"Rone", on the other hand, highlights a different side of Callers. It's a floating, folky ballad in the vein of Vashti Bunyan, where Seaton particularly excels with a virtuosic acoustic solo banked a top gorgeous shimmering electric guitar harmonics. Such efforts recall that of Peter Green's Fleetwood Mac. The hymnal "Ste. Genevie" closes "Fortune" rather suitably, wrapping mantra-like vocal harmonies around a beatific acoustic template, proving lack of immediacy shouldn't detract from the quality of an album - if anything, it should be considered as a mark of a great recording.

At just 34 minutes long, "Fortune" is succinct, but you'll be left in no doubt as to the talent this particular troupe possesses, carving out their own intoxicating niche, while recalling music of yore. This reviewer can't help but recall various labels of the past, especially Joe Boyd's essential Witchseason imprint, as Callers seem to embody the spirit of everything that label stood for. Western Vinyl deserve a mention too, they're developing a legacy of their own that already includes Slow Six, Balmorhea and now Callers. It could be that, in the future, this label will be recalled in the same hushed tones usually afforded to the greats of the 60's and 70's.

Price: £5.53

1 of 1 people found the following review helpful
4.0 out of 5 stars Asmus Tietchens - "h-Menge", 3 Feb. 2009
This review is from: h_menge (MP3 Download)
Developing an obsession for experimental electronic sound design at an early age of just seven years old, Hamburg born Asmus Tietchens has spent his career continually stretching boundaries, dissecting and exploring the possibilities of tape machines, sound generators, crude electronic devices and (in his earlier material) the Minimoog. With over 50 recorded documents, Tietchens music has spanned several styles including industrial, prepared piano experimentation, synth pop and, most importantly, musique concrete.

Musique concrete, despite its avant-garde nature, has influenced popular music since at least the 1960's. The foundations laid by Stockhausen and Koenig has had a profound impact with numerous examples including everything from Pink Floyd's surreal "Piper at the Gates of Dawn" album through to the work of modern day technicians like Autechre, Aphex Twin, Matmos and lately Machinefabriek.

"h-Menge" (or "Eta-Menge") is the final installment of Tiechens' Mengen Series. The first four parts ( Alpha, Beta, Delta and Gamma) were housed on the Mille Plateux label, while 12k offshoot Line can count the remaining pieces "Epsilion-Menge", "Zeta-Menge" and now "Eta-Menge" on its impressive back catalogue.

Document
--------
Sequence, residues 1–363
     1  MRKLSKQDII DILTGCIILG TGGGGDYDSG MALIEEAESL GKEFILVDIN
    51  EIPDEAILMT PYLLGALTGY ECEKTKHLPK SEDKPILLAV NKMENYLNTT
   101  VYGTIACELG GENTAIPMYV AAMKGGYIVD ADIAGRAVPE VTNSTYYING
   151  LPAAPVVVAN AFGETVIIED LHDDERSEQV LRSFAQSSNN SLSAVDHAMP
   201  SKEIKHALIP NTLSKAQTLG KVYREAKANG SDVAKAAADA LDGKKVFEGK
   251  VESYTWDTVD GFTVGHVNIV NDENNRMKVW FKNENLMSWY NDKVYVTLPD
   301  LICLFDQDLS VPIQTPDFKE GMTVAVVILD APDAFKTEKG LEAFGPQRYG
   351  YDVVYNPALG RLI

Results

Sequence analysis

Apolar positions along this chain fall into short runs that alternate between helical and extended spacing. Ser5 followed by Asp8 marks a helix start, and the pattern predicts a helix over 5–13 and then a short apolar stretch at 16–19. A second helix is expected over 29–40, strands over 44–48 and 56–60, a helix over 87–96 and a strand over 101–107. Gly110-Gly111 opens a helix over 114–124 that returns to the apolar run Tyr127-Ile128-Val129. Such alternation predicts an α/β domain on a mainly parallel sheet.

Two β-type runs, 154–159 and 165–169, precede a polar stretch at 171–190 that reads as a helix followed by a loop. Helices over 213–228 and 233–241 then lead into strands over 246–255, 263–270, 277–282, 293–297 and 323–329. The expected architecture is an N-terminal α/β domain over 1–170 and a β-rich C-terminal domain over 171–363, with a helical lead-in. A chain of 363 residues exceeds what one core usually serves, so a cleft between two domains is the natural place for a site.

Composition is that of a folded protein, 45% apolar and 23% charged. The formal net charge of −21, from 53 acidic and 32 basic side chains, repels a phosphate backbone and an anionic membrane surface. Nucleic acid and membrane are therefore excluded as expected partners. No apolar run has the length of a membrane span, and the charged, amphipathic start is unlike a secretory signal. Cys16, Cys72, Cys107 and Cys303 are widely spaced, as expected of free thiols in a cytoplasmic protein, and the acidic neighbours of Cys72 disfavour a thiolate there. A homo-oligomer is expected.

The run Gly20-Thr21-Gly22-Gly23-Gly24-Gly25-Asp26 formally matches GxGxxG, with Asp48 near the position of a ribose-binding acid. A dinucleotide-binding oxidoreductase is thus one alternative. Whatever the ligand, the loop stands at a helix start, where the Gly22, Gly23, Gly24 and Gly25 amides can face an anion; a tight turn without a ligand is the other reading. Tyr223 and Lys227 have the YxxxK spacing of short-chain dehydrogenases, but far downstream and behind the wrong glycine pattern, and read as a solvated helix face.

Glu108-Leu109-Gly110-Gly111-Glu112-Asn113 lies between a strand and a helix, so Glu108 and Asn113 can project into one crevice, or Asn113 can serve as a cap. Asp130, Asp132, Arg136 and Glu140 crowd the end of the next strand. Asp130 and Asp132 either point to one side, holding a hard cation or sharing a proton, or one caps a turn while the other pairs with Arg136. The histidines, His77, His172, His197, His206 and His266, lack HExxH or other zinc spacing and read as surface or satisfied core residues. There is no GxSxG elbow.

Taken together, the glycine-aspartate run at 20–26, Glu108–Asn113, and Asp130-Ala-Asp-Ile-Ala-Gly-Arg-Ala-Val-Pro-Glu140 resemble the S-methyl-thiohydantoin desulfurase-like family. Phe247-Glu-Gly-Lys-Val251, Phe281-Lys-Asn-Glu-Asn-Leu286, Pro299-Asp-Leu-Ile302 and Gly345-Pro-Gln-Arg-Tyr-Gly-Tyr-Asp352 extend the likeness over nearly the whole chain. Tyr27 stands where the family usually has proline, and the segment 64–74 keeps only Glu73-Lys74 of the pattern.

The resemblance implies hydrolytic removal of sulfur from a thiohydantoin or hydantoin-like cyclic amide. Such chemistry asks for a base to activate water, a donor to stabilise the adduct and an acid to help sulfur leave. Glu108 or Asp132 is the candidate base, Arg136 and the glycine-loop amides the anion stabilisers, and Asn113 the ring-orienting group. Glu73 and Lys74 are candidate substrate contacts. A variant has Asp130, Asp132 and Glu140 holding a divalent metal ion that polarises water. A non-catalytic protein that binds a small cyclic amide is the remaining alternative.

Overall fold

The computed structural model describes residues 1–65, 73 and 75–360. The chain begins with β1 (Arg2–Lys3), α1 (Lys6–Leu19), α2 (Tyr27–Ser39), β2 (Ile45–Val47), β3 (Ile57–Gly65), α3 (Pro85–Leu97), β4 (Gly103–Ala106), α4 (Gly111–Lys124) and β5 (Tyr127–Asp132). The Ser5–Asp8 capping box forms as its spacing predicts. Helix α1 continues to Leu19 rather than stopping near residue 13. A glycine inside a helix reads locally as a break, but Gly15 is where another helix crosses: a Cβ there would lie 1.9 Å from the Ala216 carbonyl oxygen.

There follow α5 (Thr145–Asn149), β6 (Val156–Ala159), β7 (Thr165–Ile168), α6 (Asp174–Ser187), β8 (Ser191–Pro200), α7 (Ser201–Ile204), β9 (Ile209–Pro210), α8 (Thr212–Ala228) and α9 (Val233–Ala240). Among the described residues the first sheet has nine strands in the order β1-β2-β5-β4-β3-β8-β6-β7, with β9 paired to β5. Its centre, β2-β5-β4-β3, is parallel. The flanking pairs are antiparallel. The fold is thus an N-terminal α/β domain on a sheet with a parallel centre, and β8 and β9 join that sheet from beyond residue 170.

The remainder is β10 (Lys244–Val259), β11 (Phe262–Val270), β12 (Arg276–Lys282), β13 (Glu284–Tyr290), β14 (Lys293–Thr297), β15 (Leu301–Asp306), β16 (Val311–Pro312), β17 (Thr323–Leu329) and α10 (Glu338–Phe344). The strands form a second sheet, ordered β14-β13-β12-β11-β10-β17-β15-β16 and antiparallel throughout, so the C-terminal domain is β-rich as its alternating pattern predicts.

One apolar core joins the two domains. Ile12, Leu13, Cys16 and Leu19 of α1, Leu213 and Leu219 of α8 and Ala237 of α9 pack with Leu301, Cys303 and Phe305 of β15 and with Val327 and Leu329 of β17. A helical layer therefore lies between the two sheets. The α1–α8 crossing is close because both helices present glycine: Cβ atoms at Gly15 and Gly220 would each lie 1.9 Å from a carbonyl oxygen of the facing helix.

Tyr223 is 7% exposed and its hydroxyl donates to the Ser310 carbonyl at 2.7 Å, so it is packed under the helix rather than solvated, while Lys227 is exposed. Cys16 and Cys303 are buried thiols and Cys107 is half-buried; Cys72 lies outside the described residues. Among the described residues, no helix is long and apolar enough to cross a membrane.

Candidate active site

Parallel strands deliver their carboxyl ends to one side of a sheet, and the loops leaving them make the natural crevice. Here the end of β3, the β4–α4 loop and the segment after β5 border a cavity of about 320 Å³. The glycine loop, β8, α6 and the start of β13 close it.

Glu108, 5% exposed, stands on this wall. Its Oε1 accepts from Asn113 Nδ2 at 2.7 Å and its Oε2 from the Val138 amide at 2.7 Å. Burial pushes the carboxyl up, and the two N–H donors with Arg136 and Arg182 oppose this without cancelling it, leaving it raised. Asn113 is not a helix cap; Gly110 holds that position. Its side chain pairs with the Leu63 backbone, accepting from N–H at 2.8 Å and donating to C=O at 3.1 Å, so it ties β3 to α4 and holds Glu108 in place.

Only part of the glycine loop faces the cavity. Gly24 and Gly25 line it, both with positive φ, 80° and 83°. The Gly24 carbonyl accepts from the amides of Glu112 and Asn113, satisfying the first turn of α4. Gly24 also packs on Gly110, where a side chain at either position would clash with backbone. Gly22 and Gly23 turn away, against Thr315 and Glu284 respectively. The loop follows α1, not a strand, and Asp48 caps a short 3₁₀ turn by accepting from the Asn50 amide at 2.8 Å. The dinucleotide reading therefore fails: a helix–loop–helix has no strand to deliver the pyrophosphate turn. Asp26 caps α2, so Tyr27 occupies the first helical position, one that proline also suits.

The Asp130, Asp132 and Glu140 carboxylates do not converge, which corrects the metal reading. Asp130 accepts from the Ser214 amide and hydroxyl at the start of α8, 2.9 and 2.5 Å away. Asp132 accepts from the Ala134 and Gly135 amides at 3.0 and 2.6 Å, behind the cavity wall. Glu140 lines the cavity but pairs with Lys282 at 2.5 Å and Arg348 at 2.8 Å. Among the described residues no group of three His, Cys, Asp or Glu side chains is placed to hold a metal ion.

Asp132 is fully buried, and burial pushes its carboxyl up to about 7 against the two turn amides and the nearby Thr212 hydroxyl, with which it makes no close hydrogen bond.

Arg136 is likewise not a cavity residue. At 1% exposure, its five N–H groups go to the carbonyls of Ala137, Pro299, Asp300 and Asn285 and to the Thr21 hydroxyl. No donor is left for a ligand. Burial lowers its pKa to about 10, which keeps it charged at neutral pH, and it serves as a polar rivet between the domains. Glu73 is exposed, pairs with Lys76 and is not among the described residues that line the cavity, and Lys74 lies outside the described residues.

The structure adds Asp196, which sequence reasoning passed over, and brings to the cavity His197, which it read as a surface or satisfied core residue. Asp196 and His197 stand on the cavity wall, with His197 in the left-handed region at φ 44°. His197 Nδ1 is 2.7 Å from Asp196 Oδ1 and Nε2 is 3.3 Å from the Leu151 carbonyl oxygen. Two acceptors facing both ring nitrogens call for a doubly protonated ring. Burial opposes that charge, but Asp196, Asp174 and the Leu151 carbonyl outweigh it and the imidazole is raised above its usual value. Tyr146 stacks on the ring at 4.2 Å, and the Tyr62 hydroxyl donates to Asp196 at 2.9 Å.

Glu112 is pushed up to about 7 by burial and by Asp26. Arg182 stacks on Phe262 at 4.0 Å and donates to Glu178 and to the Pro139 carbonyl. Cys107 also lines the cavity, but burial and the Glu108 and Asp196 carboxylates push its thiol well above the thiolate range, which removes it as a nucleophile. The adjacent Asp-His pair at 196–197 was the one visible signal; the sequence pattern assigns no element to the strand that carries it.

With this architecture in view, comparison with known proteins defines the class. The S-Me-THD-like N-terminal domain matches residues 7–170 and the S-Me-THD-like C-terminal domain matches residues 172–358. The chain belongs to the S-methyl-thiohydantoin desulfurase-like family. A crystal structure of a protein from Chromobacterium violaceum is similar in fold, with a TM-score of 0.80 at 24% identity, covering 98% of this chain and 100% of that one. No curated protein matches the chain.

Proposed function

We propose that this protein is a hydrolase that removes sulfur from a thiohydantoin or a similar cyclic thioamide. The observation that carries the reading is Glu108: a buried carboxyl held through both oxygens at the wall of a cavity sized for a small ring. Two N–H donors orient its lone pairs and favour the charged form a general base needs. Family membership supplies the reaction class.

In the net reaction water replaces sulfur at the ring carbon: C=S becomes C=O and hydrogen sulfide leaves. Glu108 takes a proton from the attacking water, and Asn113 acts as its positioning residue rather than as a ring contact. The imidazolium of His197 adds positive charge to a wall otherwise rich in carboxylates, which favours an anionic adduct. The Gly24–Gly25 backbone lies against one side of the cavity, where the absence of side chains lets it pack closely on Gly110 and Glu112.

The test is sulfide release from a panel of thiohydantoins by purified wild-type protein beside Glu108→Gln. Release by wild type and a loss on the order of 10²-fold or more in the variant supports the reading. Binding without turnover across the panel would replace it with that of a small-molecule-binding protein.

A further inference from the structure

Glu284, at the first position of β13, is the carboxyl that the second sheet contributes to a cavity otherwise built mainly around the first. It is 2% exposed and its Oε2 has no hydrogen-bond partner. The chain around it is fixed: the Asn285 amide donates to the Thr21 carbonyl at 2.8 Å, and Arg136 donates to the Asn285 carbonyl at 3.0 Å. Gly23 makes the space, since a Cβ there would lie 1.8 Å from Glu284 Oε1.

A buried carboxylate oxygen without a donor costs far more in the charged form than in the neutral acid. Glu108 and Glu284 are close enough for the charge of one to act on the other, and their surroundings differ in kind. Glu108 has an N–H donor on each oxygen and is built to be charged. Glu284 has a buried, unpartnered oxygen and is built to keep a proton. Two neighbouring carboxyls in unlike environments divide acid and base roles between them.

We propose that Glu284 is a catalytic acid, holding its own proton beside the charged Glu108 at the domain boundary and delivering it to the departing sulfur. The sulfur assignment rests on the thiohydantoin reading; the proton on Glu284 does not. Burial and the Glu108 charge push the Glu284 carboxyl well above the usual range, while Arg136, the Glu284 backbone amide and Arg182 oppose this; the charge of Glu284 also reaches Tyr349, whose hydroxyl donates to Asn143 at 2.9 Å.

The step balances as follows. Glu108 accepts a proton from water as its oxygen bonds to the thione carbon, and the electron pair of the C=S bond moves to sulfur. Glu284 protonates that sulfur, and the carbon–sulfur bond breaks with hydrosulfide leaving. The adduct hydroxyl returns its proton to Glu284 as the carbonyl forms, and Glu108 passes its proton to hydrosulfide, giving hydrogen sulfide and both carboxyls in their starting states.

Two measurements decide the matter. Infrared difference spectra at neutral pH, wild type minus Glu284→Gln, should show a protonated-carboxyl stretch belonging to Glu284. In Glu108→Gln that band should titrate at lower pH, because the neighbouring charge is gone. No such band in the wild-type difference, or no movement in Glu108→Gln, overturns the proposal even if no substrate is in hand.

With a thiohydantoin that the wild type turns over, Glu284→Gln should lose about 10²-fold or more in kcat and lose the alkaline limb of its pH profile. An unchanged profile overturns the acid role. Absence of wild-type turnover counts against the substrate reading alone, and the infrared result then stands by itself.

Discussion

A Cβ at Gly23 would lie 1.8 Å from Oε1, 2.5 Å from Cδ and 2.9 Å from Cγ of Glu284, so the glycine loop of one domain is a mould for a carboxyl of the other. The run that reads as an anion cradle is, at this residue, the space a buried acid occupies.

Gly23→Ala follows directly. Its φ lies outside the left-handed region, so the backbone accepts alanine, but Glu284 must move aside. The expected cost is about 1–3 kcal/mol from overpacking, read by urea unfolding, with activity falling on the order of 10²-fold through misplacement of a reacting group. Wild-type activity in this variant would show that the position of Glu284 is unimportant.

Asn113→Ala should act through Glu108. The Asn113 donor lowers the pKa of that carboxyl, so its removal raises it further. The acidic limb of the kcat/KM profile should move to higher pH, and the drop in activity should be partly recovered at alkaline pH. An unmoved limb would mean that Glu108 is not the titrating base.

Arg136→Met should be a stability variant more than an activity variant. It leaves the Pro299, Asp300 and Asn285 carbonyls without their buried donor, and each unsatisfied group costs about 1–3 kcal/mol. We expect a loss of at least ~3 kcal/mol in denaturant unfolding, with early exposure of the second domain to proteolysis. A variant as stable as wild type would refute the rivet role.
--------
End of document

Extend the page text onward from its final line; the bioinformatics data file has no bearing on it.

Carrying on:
Tietchens' mercurial sound design ability (he teaches Acoustics at Hamburg University) sees a continuation of his experiments with white noise and sine tones on "Eta-Menge". His modulations are totally self-produced, devoid of any synth, computer or MIDI enhancement, which he claims "paralyses" him in his quest to present musique concrete in its purest form. The electronic pop style found on his four Sky Records releases during the 80's left Tietchens frustrated by the restrictions of that genre. He longed for a return to the abstract climes of his earlier material. The Mengen Series, it would appear, is a reaction to that.

On face value, Tietchens' sound here is a cold and sterile fusion of irregular patterns, mathematical algorithms and sound abstractions. The result is often jarring, disconcerting noise, atonal electronic gurgles and metallic-tinged haze - the antithesis of easy listening music. The opening trio of compositions ("Teilmenge" numbers 43A, 47 and 49) will likely lose half-hearted listeners at the first hurdle, with their harsh noise and sub-zero atmospheric characteristics. Tietchens has been on record before describing that he does not create moods, tell stories or convey any particular message except an aesthetic one. Yet repeated listens of a piece such as "... 43A" will reveal some buried secrets, such as the lonely drone/melody that begins to materialize under all the dissonance. "...47", in particular, develops from an eerie silence intercepted by warped robotic voices into a measured rhythm, where dark polluted clouds of sound envelop the whole piece.

Those with a little more resolve and who stay with Teitchens will soon come to the beautiful water drip ambience of "Teilmenge 44A". Despite its origins this piece creates an intimate relationship with the listener capturing the sounds of a melting glacier as the tones emitted resonate through cold chambers and passages of ice. The recurring, soothing sounds are soon brought to life as Tietchens stirs some shuffling, metallic clangs into this composition that imitate a spluttering, stop-start piece of industrial equipment. Also, towards the end of this piece, I am near certain I can make out some sort of processed chant, almost child-like in nature, but it is there buried deep under layer upon layer of abstract sound. "Teilmenge 50" is another highlight, by now the listener will have developed an understanding of Teitchens' style. Dropping things back to the algid temperatures found at the start of this disc, the sound shifts, microtones and abstract ambience created via a ghostly resonance concocts an odd sense of solace that is augmented by comforting scanner sounds.